Lassen County Emergency Services Criticized

in Response to Nubieber Train Derailment

July 25, 2006
Copyright 2006,

News reports of the derailment at Nubieber stated residents of Nubieber were evacuated to Bieber Memorial Hall and that Highway 299 was closed during the incident. What was not reported is that although people were sent to the Memorial Hall in Bieber, there was nobody there to greet them or evaluate their condition and evacuees spent their time outside in the sun without food or offers of water for the duration. What was not mentioned is the fact that local residents were not contacted and advised about the evacuation until 11:15 AM, an hour and a half after the reported derailment and more than an hour after the Highway Patrol confirmed a propane leak.

Also not mentioned was the fact that that while law enforcement was being observed by the Postmaster at the Nubieber Post Office going door to door, she was not contacted by any official. Instead, Vikki Howell, Postmaster said she was first informed of the derailment by a friend who called from Lookout and then later called by Steve Manly, the Bieber Postmaster who advised her to lock up and evacuate. The Nubieber Post Office is one of the nearest buildings to the derail site no more than 1000 feet away.

It was reported that the Red Cross was notified and was preparing to respond. What was not reported is that no-one actually showed up.

The Bieber Memorial Hall was given to evacuees as the location of the evacuation site. There was nobody there to receive or greet them. Eugene Evans, caretaker and the only permanent employee at the site was not even notified that this was to be an evacuation center and learned about it when a friend told him at about 3 PM.

Ambulances were staged on both sides of the incident for several hours. The site of the Bieber stage was across the street from the CDF Fire Station down the street from the Memorial Hall, instead of at the Hall where they might actually be needed.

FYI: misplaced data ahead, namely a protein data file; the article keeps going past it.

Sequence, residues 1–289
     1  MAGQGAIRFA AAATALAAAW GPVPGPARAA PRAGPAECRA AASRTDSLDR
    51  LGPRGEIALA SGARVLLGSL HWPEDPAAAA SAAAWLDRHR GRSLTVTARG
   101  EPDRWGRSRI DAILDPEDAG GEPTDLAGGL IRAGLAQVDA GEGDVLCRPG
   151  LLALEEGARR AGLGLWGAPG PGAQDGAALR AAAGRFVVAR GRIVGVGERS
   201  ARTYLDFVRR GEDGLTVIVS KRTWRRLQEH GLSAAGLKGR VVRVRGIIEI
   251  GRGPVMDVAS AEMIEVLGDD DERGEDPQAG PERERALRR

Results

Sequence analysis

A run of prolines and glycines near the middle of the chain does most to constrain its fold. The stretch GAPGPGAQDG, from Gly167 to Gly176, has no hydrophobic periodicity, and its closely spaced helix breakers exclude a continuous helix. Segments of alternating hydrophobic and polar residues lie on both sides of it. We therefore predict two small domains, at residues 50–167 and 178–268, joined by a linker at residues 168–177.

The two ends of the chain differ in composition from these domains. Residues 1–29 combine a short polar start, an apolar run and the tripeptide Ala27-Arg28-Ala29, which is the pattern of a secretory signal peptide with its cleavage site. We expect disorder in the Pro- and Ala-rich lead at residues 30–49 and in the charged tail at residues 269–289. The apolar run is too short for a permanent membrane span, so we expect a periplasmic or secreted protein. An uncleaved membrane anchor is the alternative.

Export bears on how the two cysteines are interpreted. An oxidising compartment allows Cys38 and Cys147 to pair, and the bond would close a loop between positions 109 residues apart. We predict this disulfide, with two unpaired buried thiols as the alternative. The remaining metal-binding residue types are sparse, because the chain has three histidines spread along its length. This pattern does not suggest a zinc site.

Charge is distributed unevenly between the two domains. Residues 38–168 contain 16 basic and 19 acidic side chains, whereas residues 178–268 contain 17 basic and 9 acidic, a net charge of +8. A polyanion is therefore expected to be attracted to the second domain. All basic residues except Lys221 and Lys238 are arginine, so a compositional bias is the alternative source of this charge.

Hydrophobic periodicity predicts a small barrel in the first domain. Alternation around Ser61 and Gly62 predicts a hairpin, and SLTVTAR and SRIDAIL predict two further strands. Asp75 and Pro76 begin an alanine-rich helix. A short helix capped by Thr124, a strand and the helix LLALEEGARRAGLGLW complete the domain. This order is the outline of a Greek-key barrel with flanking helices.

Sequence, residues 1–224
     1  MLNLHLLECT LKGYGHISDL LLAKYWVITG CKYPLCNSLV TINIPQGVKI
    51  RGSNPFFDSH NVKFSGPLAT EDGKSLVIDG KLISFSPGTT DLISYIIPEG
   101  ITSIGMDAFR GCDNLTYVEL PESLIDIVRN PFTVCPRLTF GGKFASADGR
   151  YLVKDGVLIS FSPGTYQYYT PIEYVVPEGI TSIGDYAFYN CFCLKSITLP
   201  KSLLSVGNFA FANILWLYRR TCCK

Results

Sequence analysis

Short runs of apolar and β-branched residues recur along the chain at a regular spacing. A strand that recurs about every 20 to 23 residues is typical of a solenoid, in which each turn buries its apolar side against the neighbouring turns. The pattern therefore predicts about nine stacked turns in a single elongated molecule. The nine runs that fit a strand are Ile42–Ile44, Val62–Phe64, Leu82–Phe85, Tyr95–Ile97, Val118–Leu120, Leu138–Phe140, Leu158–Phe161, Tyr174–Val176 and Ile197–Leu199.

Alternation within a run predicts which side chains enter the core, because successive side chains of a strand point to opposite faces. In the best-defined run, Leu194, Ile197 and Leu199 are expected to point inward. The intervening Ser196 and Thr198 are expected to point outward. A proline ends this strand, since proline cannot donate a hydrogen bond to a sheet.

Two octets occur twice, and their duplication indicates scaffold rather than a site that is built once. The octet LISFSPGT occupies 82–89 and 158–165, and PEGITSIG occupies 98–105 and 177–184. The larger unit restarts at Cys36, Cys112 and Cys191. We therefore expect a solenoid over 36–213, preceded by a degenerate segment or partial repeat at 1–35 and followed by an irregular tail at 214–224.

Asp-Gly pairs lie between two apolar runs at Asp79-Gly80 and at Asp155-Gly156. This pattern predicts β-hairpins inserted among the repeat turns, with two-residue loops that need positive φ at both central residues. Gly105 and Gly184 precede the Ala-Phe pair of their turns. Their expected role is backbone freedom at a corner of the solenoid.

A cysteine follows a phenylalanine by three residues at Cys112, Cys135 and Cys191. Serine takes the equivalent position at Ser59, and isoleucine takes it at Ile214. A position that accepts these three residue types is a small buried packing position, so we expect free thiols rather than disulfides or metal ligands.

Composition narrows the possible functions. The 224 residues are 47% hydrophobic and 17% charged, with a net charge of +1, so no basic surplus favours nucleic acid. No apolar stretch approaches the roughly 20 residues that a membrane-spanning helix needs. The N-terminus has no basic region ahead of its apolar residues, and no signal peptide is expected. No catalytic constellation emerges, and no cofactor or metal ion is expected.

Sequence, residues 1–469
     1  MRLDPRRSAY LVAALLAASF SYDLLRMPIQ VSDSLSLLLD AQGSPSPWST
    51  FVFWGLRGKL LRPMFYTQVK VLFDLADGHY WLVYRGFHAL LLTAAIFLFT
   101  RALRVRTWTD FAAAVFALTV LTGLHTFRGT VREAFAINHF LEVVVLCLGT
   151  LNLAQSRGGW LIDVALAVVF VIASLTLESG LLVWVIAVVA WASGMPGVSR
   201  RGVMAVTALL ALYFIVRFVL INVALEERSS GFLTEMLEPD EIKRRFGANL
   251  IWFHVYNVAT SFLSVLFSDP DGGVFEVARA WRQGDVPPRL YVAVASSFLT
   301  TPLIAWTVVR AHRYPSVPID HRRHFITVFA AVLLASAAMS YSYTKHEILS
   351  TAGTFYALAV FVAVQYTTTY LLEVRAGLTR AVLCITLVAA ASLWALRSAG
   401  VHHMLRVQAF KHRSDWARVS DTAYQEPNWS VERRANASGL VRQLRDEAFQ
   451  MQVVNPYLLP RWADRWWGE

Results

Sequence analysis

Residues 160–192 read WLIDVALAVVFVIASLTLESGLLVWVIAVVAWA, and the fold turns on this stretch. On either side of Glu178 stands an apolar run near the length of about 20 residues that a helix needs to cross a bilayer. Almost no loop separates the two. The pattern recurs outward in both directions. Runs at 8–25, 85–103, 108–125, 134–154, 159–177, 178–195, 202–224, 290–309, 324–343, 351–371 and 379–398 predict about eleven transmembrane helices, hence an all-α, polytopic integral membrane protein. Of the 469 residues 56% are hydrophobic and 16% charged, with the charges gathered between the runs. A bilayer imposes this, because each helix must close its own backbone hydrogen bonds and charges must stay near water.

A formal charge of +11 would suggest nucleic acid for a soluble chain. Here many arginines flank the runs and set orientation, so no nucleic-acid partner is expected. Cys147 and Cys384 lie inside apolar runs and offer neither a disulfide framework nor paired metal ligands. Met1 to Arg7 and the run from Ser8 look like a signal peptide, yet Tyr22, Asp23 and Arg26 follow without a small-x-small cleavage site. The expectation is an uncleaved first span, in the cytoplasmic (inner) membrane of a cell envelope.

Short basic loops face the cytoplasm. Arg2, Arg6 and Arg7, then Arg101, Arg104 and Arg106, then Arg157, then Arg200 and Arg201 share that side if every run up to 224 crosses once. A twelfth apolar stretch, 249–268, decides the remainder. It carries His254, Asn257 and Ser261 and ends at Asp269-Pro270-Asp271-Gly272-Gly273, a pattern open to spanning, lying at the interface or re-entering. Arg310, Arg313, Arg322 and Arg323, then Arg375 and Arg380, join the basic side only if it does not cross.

Although victims reported that police officers took the time to write down names and addresses of people at their homes, no attempt was made to create a list of evacuees and keep track of people or where they were. Some complained of dis-organization, lack of knowledge and outright rudeness on the part of law enforcement. June Loveland, an evacuee who was separated from her two sons described how her sons, when notified that they had to evacuate, and asked "how?" was answered by the officer "You got a bicycle?" Although one of her sons was severely burned in a house fire 10 years ago and is medically sensitive to heat, transportation was not offered and neighbors transported him.

Late in the afternoon, when this reporter found out that members of the press had been allowed into the area, I stopped a Highway Patrol Officer and asked if I would be allowed to go to the site to take pictures. I identified myself as a legitimate reporter and inquired if I could be allowed in. He informed me that I could not as I did not have "credentials". When I asked what is meant by credentials, he replied "Ya know credentials!" After explaining that I am a reporter for an internet newspaper, he said my website did not count. When I felt that he would not allow me in I asked for the name of his supervisor, his answer was "M L Brown" (the CHP commissioner in Sacramento) I said no, who is your boss, he again replied "M L Brown, and then drove away. This is one example of the rudeness of officers on scene, and this was long after officers were busy at the beginning of the incident.  I assure you, had I given answers as sarcastic while being questioned by him I'd be put in hand cuffs as un-cooperative.